B.C. Education Minister Rob Fleming announces suspension of most classroom instruction, March 17, 2020. (B.C. government)

B.C. Education Minister Rob Fleming announces suspension of most classroom instruction, March 17, 2020. (B.C. government)

COVID-19: B.C. schools to begin part-time class instruction June 1

‘Will allow us to test and gauge as we go,’ John Horgan says

After two months of online learning, B.C. parents are being offered the option of returning children to K-12 classrooms starting June 1 with COVID-19 pandemic restrictions.

Premier John Horgan and Education Minister Rob Fleming announced the expansion of in-class education May 15, emphasizing that it is voluntary. Schools are already holding live teaching for children of essential workers, and expanding that will allow the province to “test and gauge as we go,” Horgan said.

The plan is to return to part-time in-class instruction for kindergarten to grade five (such as alternating days), and one day a week for grades six to 12. Fleming said existing class groups will be kept together as far as possible, with a combination of online and in-person instruction.

Fleming outlined the safety measures, including control of hallway traffic and congregating of students, and sanitizing doorknobs, washrooms and desks twice a day. The target for the spring phase is up to 20 per cent of the students back in school.

“It’s going to be very strict, and it needs to be,” Fleming said.

RELATED: B.C. schools expand video classes, lend out computers

RELATED: A look at B.C.’s phase-by-phase pandemic recovery plan

The plan includes staggered drop-offs, lunch and recess with increased time spent outside. School buses will be restricted to one student per seat, with barriers around drivers similar to transit buses.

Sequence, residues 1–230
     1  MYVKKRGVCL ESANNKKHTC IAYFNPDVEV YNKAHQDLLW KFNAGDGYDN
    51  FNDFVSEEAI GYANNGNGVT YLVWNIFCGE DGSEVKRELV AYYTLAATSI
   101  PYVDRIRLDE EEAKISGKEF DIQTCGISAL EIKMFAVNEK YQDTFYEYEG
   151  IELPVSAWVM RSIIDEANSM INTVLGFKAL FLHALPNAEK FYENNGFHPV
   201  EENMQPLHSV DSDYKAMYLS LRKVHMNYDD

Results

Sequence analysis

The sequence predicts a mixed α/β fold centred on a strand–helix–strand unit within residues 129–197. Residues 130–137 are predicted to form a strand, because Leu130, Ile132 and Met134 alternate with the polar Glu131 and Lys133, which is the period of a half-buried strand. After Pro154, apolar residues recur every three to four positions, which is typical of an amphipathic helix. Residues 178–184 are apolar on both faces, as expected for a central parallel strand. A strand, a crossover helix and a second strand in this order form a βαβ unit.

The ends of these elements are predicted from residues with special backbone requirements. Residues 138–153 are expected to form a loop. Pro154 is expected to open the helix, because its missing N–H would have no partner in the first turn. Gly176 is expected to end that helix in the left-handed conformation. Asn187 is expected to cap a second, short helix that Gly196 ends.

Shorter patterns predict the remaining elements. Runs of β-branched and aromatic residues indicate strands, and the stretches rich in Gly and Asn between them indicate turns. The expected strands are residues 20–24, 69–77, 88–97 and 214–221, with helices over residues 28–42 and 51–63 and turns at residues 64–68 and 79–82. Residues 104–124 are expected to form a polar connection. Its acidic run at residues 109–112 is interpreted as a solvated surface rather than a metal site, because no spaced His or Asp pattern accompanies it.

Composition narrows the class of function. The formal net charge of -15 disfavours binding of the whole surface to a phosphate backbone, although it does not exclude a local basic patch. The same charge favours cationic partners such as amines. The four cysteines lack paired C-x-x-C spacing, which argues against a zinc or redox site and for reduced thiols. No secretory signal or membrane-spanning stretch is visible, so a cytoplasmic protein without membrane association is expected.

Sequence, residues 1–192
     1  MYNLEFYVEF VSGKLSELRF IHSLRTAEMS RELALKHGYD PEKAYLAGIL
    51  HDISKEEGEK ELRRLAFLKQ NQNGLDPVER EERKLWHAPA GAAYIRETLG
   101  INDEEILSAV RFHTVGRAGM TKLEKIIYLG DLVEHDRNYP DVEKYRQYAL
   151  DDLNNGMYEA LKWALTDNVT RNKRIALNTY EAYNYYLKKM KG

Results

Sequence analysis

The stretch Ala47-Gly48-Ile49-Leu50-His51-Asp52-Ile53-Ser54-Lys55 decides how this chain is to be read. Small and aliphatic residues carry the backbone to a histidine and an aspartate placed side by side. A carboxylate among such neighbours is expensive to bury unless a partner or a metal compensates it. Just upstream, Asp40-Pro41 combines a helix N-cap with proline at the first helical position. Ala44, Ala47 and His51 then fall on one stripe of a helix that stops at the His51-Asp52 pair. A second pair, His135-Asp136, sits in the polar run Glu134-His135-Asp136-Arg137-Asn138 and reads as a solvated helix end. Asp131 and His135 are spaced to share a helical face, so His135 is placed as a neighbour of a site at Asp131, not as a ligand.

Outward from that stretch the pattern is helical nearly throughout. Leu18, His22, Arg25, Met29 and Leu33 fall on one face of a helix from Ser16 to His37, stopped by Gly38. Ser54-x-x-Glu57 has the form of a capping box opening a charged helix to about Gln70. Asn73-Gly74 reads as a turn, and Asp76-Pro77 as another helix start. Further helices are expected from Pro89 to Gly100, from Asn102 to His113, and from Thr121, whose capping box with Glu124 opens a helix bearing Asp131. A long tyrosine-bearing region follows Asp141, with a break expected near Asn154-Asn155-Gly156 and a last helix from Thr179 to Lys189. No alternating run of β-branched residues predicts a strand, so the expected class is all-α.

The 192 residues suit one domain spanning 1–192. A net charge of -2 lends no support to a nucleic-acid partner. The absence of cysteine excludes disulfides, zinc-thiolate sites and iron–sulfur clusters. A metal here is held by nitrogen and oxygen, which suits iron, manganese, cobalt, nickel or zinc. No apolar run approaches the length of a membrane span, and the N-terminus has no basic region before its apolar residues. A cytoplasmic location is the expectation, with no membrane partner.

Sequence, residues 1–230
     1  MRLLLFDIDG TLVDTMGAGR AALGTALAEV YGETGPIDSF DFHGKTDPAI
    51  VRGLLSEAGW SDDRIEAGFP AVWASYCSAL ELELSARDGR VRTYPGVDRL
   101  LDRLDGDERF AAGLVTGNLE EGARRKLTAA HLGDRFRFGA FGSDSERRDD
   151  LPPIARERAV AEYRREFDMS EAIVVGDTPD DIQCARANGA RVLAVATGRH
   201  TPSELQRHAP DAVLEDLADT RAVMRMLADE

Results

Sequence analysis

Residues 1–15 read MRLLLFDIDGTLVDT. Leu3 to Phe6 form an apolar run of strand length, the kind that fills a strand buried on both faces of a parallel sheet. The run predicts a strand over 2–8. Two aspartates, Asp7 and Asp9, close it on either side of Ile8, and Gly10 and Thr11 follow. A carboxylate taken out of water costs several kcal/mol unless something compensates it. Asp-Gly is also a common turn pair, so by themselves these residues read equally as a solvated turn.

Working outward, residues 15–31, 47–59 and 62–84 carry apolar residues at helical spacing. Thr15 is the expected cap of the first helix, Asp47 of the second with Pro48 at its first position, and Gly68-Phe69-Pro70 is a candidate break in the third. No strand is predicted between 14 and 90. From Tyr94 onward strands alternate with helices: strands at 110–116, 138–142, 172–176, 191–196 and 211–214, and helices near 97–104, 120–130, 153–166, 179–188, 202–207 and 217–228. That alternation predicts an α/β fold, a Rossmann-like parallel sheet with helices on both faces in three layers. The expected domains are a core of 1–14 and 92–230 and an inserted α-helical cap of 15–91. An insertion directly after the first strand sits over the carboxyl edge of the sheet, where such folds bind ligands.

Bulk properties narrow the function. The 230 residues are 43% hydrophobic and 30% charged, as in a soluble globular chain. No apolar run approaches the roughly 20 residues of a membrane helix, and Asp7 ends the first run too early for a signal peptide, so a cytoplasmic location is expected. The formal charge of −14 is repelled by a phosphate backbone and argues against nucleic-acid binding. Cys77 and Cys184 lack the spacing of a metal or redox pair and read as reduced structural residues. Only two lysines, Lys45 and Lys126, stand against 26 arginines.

School administrators are expected to contact families to arrange the return to school. The ministry says if parents haven’t heard from their school by May 22, they should contact the principal.

The education ministry reports that about 5,000 students are already going to school since B.C.’s pandemic restrictions came into effect in mid-March.

More licensed daycares are also being encouraged to reopen as the province enters its second phase of its pandemic restrictions, with additional businesses expected to start up in late May and more people going to work. About 2,600 daycares have received emergency provincial funding to help them stay open with reduced attendance by children of essential workers, and 1,400 others have had assistance for their fixed costs.


@tomfletcherbc
tfletcher@blackpress.ca

Like us on Facebook and follow us on Twitter.

BC legislatureCoronavirus

Just Posted

Tony Costa/ Facebook
Fire burning above Peachland

The blaze sparked on Sunday and is believed to be lightning caused

FILE – Perry Bellegarde, National Chief of the Assembly of First Nations, takes part in an event on Parliament Hill in Ottawa on Tuesday, July 7, 2020. THE CANADIAN PRESS/Sean Kilpatrick
Indigenous Peoples Day must be a ‘call to action’, says Assembly of First Nations chief

Discovery of children at Kamloops residential school site must lead to change, Perry Bellegarde says

The Pierre family, an Indigenous family, once lived in what is now downtown Summerland. Today, Pierre Drive is named in honour of the family. (Photo courtesy of the Summerland Museum)
Pierre family played role in Summerland’s history